In the March-April 2011 Audubon magazine, I noticed an article explaining what environmental labeling on food packaging really means. This article sorts out all the environmental claims that you read on your food labels. Audubon pointed out that there are over 100 “green” ( also called environmental) labels.
Lots of labels for folks to understand!
As a person who practices organic eating, at least I thought I did, I was surprised at what I was about to read. My main interest was with the label below – that of the USDA ORGANIC label. This is by law the label that decides if the product is organic.
|OFFICIAL GOVERNMENT ORGANIC LABEL|
I had assumed, wrongly, that what I ate, with this label, meant it was produced wholly (100 percent) without synthetic pesticides, herbicides, sludge, irradiation, or not grown with genetically modified seeds (GMO’s).
What I was about to read was that with the above USDA ORGANIC label on a food product it is 100 percent organic IF it also contains the words 100 percent organic on the label. So this form of label means it is without synthetic pesticides, herbicides, sludge, irradiation, or not grown with genetically modified seeds (GMO's). I know I repeat myself but this labeling can get a bit sticky.
After that things really begin to change. Audubon then states that if 95 percent or more of the ingredients can be produced and grown organically, as the last two paragraphs states, then it can be labeled "organic" and can also display the official USDA seal. At this point the 100 percent labeling cannot be included.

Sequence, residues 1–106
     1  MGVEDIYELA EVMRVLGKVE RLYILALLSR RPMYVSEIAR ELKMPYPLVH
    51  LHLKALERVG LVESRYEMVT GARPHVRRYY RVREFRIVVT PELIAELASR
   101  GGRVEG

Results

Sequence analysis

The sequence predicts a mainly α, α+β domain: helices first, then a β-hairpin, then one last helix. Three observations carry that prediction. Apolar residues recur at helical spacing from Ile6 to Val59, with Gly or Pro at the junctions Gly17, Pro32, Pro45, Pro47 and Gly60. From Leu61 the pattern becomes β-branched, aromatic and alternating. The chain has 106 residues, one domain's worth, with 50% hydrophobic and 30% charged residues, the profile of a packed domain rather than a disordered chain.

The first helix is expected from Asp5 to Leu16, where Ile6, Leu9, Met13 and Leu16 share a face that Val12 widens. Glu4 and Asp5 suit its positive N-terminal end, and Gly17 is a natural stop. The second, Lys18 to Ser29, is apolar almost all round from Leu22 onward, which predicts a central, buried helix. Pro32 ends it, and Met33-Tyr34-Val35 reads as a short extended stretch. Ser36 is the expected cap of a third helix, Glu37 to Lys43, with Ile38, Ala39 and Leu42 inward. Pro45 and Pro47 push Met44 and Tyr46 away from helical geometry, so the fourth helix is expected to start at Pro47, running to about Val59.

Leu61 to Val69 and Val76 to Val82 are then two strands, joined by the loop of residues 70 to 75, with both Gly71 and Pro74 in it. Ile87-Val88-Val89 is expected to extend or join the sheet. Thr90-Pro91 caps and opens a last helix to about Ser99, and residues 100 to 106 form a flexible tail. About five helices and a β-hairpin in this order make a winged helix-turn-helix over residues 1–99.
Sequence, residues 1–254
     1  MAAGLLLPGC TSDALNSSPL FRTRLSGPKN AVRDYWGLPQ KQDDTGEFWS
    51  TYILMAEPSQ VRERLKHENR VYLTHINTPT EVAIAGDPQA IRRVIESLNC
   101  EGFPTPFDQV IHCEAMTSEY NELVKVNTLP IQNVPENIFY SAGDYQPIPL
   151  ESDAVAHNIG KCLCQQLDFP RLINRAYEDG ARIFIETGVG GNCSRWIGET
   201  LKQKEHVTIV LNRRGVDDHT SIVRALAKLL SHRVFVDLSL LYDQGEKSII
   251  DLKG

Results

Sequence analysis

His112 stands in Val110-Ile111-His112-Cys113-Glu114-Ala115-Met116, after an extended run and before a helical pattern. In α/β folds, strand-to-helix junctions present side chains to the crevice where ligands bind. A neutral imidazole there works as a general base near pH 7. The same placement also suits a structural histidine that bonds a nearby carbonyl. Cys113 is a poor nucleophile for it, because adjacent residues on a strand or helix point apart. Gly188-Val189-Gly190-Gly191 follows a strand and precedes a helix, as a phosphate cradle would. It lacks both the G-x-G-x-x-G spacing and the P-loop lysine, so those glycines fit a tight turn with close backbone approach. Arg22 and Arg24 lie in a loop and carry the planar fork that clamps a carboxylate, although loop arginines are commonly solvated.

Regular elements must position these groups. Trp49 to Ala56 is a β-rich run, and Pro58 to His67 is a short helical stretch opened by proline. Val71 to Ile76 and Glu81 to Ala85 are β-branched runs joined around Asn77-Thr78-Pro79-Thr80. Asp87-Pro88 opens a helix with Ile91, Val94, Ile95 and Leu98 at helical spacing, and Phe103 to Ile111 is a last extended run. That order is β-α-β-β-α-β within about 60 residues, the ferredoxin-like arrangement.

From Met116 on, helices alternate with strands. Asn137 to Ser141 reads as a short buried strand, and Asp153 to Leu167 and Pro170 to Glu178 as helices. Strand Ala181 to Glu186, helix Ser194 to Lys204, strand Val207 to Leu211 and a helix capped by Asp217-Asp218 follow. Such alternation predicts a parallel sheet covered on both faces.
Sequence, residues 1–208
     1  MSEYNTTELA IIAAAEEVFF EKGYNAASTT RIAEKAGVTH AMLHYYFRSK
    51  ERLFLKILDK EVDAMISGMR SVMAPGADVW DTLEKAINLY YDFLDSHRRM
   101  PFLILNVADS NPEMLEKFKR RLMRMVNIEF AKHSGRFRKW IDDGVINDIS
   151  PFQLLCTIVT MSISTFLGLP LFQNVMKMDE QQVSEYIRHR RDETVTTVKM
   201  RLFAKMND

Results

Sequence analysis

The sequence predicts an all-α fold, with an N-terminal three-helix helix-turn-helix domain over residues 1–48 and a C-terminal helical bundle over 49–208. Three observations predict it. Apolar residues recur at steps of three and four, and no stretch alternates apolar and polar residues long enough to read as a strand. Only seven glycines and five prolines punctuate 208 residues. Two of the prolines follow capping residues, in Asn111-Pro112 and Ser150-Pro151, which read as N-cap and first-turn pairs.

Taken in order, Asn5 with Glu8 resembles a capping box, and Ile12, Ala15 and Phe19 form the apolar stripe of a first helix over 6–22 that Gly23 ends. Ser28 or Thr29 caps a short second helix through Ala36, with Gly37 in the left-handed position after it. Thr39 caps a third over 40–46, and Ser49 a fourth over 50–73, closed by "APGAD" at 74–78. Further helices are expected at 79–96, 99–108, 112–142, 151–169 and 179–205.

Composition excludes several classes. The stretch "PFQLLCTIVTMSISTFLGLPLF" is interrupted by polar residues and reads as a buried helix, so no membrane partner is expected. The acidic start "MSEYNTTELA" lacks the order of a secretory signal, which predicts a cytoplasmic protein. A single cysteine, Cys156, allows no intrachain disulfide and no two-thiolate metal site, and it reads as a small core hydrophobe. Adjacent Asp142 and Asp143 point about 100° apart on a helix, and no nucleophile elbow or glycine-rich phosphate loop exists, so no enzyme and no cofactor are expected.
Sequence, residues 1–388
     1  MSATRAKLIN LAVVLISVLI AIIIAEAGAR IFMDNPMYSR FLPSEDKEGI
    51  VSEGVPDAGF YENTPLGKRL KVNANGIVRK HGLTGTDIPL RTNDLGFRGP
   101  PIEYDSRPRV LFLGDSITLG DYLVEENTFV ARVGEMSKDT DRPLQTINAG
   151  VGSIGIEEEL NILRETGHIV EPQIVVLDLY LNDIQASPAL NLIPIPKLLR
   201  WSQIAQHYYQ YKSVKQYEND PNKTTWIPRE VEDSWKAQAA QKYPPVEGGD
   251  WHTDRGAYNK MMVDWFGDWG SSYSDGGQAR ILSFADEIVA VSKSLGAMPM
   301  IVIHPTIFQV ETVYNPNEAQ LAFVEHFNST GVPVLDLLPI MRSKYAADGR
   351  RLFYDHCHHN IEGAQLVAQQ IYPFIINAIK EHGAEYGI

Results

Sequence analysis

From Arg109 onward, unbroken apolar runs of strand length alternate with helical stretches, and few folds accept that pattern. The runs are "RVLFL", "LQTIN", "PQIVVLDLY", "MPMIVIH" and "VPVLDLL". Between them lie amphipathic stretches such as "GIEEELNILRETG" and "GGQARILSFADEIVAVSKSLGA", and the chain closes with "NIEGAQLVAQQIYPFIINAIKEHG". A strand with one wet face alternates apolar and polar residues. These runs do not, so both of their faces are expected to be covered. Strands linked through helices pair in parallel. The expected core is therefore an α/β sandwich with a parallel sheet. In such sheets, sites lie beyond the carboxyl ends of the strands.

Are you still with me?
So at 100 percent labeling, the food is grown and produced totally organic. At 95 to 99 percent some of the ingredients can be non-organic and therefore may be grown and produced with some synthetic pesticides, herbicides, sludge, irradiation, or GMO's -- and still be labelled organic and displayed with the USDA ORGANIC label. I feel this is tricky.
I use Spectrum Olive Oil and found that it is 100 percent organic on the side label. I think that a standard box should be created on the label to state what percentage is organically grown and produced -- much like the nutritional box used on labels. (By the way corporate GMO companies have pressured the government not too label the food that is produced with GMO's -- shhhhh) -- (also of interest click on this article -- Court of Appeals Dismisses Monsanto’s Appeal of Biotech Beets Case, Preserves Victory for Farmers, Environment).
More tricks -- if at least 70 percent of the ingredients are organic it can be marked, “Made with organic,” only and will appear without the USDA ORGANIC label. If less than 70 percent only the ingredient list can identify the organic ingredients – also without USDA ORGANIC label.
My interpretation from this is to look for labels marked 100 percent organic with the official USDA ORGANIC label to eat a true organic product -- no sludge, irradiation, GMO’s, pesticides and herbicides. After that standard it looks like some manipulation creeps in for chemicals and genetic engineering.
A good example of a 100 percent organic label is this Ferry Morse seed packet below. It has the USDA ORGANIC label and the words 100 percent organic assuring the customer of what they are buying. Seeds fall in the food category with USDA,.
View the Audubon article below for many of the different types of "green" labels
Don’t let all this confusion deter you – look at it as a challenge to your well being.
USDA Organic Program
Audubon Magazine Peeling Back The Labels